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Posts Tagged ‘Feste’

Twelfth Night – Act Three Scene One

Viola meets Feste playing the tabour

VIOLA

Save thee, friend, and thy music: dost thou live by
thy tabour?

Clown

No, sir, I live by the church.

VIOLA

Art thou a churchman?

Clown

No such matter, sir: I do live by the church; for
I do live at my house, and my house doth stand by
the church.

Viola recognises him from Olivia’s house

VIOLA

Art not thou the Lady Olivia’s fool?

Clown

No, indeed, sir; the Lady Olivia has no folly: she
will keep no fool, sir, till she be married; and
fools are as like husbands as pilchards are to
herrings; the husband’s the bigger:

Feste goes to find Olivia and Viola muses on the fool

VIOLA

This fellow is wise enough to play the fool;
And to do that well craves a kind of wit:
He must observe their mood on whom he jests,
The quality of persons, and the time,
And, like the haggard, cheque at every feather
That comes before his eye. This is a practise
As full of labour as a wise man’s art
For folly that he wisely shows is fit;
But wise men, folly-fall’n, quite taint their wit.

When Olivia and Viola are left alone Olivia unburdens her heart to Cesario

OLIVIA

What is your name?

VIOLA

Cesario is your servant’s name, fair princess.

OLIVIA

My servant, sir! ‘Twas never merry world
Since lowly feigning was call’d compliment:
You’re servant to the Count Orsino, youth.

VIOLA

And he is yours, and his must needs be yours:
Your servant’s servant is your servant, madam.

OLIVIA

For him, I think not on him: for his thoughts,
Would they were blanks, rather than fill’d with me!

She declares her love for Cesario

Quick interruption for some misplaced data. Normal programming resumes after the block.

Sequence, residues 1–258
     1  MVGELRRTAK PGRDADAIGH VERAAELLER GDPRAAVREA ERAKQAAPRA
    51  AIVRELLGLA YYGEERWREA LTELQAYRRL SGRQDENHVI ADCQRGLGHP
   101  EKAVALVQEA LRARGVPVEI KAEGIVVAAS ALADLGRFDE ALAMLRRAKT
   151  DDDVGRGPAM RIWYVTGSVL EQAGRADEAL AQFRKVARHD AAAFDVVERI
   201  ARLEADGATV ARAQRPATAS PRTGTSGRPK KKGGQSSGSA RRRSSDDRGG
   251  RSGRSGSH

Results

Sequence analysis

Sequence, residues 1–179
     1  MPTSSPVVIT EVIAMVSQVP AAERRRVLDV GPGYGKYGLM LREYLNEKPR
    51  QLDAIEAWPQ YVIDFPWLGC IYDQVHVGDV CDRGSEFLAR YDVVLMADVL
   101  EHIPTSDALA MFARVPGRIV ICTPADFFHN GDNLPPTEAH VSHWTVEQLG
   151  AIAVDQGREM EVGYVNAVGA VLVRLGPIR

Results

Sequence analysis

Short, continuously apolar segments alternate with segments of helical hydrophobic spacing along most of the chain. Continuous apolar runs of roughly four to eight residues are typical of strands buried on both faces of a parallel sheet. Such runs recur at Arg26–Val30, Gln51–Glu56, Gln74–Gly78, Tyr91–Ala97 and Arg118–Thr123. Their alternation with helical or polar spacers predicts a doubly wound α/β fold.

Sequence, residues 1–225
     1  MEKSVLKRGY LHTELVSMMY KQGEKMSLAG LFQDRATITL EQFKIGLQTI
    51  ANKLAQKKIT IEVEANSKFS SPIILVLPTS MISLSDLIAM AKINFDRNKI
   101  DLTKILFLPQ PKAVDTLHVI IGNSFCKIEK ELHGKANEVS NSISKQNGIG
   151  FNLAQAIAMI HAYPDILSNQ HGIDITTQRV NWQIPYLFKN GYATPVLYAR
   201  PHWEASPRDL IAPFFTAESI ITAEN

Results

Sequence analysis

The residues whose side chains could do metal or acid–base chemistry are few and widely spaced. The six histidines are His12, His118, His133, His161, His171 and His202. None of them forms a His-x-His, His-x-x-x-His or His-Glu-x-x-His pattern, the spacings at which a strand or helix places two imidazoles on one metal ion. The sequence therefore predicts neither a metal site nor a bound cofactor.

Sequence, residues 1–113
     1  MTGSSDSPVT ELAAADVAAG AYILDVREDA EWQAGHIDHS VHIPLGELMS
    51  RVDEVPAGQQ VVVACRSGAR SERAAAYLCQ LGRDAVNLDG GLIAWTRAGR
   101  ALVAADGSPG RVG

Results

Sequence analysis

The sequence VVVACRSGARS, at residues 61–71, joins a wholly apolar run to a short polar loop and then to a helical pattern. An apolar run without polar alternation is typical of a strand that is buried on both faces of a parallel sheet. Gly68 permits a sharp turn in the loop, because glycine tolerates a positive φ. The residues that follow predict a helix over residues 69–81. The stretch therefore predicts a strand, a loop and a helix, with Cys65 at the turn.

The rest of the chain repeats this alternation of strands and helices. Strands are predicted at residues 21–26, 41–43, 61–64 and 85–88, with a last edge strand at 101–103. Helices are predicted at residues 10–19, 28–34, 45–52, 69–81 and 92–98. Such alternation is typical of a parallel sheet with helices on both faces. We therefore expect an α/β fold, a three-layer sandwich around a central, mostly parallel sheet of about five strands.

OLIVIA

Give me leave, beseech you. I did send,
After the last enchantment you did here,
A ring in chase of you: so did I abuse
Myself, my servant and, I fear me, you:
Under your hard construction must I sit,
To force that on you, in a shameful cunning,
Which you knew none of yours: what might you think?
Have you not set mine honour at the stake
And baited it with all the unmuzzled thoughts
That tyrannous heart can think? To one of your receiving
Enough is shown: a cypress, not a bosom,
Hideth my heart

Viola departs and gives Olivia no cause to love her.

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Twelfth Night – Act Two Scene Three
A great comic scene with Toby Belch and Andrew Aguecheek

SIR ANDREW
Nay, my troth, I know not: but I know, to be up
late is to be up late.
SIR TOBY BELCH
A false conclusion: I hate it as an unfilled can.
To be up after midnight and to go to bed then, is
early: so that to go to bed after midnight is to go
to bed betimes.

They are drunk and when the clown, Feste enters they have a song and a dance. Much to the annoyance to everyone else in the house

MARIA
What a caterwauling do you keep here! If my lady
have not called up her steward Malvolio and bid him
turn you out of doors, never trust me.

And

MALVOLIO
My masters, are you mad? or what are you? Have ye
no wit, manners, nor honesty, but to gabble like
tinkers at this time of night? Do ye make an
alehouse of my lady’s house, that ye squeak out your
coziers’ catches without any mitigation or remorse
of voice? Is there no respect of place, persons, nor
time in you?

Maria has a plan to trick Malvolio

MARIA
Sweet Sir Toby, be patient for tonight: since the
youth of the count’s was today with thy lady, she is
much out of quiet. For Monsieur Malvolio, let me
alone with him: if I do not gull him into a
nayword, and make him a common recreation, do not
think I have wit enough to lie straight in my bed:
I know I can do it.
SIR TOBY BELCH
Possess us, possess us; tell us something of him.
MARIA
Marry, sir, sometimes he is a kind of puritan.
SIR ANDREW
O, if I thought that I’ld beat him like a dog!
SIR TOBY BELCH
What, for being a puritan? thy exquisite reason,
dear knight?
SIR ANDREW
I have no exquisite reason for’t, but I have reason
good enough.

Maria will write a note to Malvolio in the style of Olivia

SIR TOBY BELCH
What wilt thou do?
MARIA
I will drop in his way some obscure epistles of
love; wherein, by the colour of his beard, the shape
of his leg, the manner of his gait, the expressure
of his eye, forehead, and complexion, he shall find
himself most feelingly personated. I can write very
like my lady your niece: on a forgotten matter we
can hardly make distinction of our hands.

Sir Toby and Sir Andrew decide it’s too late to go to bed so carry on drinking and eating

 

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